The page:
12 comments on “Update on Things to Come

  1. I am crying as I type this, I started crying 1/2 way through your post. I am so happy you have reached this point. You have been through so much more abuse than I or many victims have endured but I can still relate to what you write so many times. After all, broken is broken , some break easier than others, it doesn’t mean that they recovery is easier or more difficult.
    I understand totally when you say you wouldn’t change a thing from the past because it brought you here.
    Even though my life is in ruins financially (from my ex trying to destroy me in every way possible) and I have to move in two weeks and until yesterday didn’t know where I was going to move to; I have never been more at peace. I have never had such inner peace or loved myself more but at the same time I have more compassion for others. It seems that no matter how bad things get in my life I just don’t get down from it, I know I will survive anything. I know I am enough, I don’t pack any shame, or embarrassment or hatred either.

    Having my blog and helping others has been the greatest gift, I used to worry I never learn my purpose for being here. I now know and I know if I leave the world tomorrow I made the world a better place for being here, and that is a huge gift.

    To be called strong and have people say they admire my strength amazes me because for 2 years I woke up every day and said “I can’t do this one more day” after 700 days I realized I was doing it, day by day, sometimes hour by hour and he didn’t destroy me. None of us know how strong we are until we are faced with the challenge. It wouldn’t be a challenge if we knew we could do it, it wouldn’t be a growth experience if we knew we could do it. people who judge others and say, “I would have ….. done this or that” don’t know. No one knows how they would survive things they have never experienced.

    My life is going through some changes in the next 2 weeks, I turn 57 April 5th; and I am excited about the future, most of it is out of my control but I can’t wait to see how it all turns out. it will only be another door opening and then where that leads who knows. But I’m not afraid of the future and that is because I survived the past.

    I wish all victims could reach this place of acceptance of themselves and gratitude for life and all the beauty around them. it does take work to get here, it takes facing a lot of demons, taking an honest look at ourselves but it is so worth it. I am so happy you are there. You have come so far since I first found your blog. YOU ARE AN AMAZING WOMAN! but you know that.:)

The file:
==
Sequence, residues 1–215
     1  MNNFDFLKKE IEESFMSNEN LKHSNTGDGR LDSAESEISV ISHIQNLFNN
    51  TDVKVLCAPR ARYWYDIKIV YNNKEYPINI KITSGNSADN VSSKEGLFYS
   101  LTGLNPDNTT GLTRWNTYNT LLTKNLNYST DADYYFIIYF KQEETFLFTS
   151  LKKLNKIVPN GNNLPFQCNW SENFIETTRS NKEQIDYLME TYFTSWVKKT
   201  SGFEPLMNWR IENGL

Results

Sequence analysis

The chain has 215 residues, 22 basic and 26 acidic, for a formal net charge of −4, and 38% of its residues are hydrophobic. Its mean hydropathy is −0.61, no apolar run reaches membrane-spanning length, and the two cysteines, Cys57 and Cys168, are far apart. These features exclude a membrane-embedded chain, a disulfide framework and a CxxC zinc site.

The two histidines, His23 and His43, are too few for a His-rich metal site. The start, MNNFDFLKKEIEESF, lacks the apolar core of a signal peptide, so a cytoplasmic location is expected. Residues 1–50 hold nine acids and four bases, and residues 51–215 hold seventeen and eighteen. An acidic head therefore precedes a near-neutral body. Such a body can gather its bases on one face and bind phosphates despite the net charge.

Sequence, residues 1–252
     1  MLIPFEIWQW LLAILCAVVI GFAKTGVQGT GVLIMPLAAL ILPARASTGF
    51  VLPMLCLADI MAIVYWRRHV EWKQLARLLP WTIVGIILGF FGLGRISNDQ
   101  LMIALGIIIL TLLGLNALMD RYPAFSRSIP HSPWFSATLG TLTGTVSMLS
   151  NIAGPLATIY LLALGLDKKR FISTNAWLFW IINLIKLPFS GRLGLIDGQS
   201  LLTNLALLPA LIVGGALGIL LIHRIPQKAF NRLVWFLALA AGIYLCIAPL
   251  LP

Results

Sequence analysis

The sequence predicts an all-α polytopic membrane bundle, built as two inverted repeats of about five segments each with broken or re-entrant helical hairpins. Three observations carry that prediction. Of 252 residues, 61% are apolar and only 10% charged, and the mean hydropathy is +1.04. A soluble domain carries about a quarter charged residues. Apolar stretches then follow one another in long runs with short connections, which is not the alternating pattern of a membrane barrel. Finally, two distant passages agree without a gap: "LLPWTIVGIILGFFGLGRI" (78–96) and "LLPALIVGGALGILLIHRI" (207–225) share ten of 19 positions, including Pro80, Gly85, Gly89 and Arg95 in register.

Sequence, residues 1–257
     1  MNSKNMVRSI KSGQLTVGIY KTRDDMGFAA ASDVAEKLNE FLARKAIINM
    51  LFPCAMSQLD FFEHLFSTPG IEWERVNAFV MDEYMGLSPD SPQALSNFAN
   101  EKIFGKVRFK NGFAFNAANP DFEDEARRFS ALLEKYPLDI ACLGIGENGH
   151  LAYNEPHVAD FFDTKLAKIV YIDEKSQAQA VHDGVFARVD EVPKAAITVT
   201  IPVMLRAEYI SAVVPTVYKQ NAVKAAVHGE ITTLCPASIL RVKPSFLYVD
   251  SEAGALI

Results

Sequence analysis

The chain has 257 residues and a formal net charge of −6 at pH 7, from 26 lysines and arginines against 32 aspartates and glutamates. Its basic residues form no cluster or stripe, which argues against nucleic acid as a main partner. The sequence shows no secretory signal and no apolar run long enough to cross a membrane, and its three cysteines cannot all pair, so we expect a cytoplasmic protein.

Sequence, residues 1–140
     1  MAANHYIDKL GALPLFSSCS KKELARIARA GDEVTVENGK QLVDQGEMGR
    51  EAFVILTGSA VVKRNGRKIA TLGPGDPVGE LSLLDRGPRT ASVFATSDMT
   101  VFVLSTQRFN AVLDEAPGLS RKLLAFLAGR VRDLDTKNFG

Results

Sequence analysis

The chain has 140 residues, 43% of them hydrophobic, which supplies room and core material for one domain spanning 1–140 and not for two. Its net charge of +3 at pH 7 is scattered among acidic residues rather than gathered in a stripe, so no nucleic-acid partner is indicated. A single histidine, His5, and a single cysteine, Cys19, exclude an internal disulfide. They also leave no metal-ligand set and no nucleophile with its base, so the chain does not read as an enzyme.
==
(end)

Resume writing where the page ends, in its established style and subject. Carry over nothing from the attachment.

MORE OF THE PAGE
Love and hugs
    Carrie

    • It’s strange how we never seem to view ourselves quite the way others do. I still carry a fault I’m trying to rid myself of: self-criticism. You say I’m an amazing woman, but if I were to use that word to describe myself using that word, it would come out something like this: I am a woman who survived something unimaginably devastating, a woman who now has the amazing gift of being able to show others that there is always hope and that their stories, scars and all, matter and can help someone. I have no qualms about accepting my strength. Really, if I look back over the past 6 years and 8 months at everything I have survived, worked through, and achieved – more than a lifetime worth of emotional suffering – how can I see myself as anything but?

      I worry at times that other survivors (and even some who are still being abused) may minimize what they experience(d) during abuse because it may not be as physically violent as what I endured. I have told so many people that had I been given a choice between the physical violence and the emotional torture I endured, I would have rather been brought to the edge of death every day I was trapped with him than to ever have to live one day suffering through his mouth and the evil things he would do in an attempt to illicit compliance. While being in fear of my life was horrible in its own right, the slow, emotional death I suffered was a torment I hope I never have to go through again. The verbal and emotional abuse does something so hateful to us in a way that no amount of physical torture can. Your confidence waivers, flounders, then drowns. The things you once loved about yourself evaporate as though they were figments of your imagination. Your sense of self bends and warps and yields to the mold you are forced in. You can have no hopes. You can have no dreams. You become empty, of no consequence, and you can hate yourself and carry despair on your tired, bending, cracking shoulders day in and day out. Until the weight of it forces you to floor and pins you down in the darkness. To become emotionally dead is the worst feeling of all.